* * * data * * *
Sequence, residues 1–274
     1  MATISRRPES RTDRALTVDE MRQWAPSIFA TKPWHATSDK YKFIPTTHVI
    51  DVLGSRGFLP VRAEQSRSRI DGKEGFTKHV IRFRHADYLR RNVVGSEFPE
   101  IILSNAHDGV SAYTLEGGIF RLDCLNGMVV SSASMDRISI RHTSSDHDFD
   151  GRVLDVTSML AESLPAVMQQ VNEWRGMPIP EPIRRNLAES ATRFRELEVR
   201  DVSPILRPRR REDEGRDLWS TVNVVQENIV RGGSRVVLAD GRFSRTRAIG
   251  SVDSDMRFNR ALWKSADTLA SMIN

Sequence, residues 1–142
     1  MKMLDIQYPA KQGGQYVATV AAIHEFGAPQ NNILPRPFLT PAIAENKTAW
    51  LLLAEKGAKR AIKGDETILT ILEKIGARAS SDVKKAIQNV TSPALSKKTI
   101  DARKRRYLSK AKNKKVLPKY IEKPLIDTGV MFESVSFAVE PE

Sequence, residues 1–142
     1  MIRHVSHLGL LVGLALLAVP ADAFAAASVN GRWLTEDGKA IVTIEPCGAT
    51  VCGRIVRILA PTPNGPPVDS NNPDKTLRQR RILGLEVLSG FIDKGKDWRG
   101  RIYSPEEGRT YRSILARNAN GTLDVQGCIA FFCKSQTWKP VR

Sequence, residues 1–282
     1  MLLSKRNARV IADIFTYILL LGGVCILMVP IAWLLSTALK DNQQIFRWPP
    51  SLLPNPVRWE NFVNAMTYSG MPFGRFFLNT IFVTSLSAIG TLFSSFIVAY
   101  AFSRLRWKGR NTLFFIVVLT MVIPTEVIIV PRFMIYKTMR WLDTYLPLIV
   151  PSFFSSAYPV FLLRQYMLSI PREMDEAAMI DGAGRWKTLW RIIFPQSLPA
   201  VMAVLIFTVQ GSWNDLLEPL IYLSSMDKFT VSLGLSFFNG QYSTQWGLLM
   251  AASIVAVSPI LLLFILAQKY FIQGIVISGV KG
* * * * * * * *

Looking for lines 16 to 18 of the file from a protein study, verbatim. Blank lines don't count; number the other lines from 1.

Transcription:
Sequence, residues 1–282
     1  MLLSKRNARV IADIFTYILL LGGVCILMVP IAWLLSTALK DNQQIFRWPP
    51  SLLPNPVRWE NFVNAMTYSG MPFGRFFLNT IFVTSLSAIG TLFSSFIVAY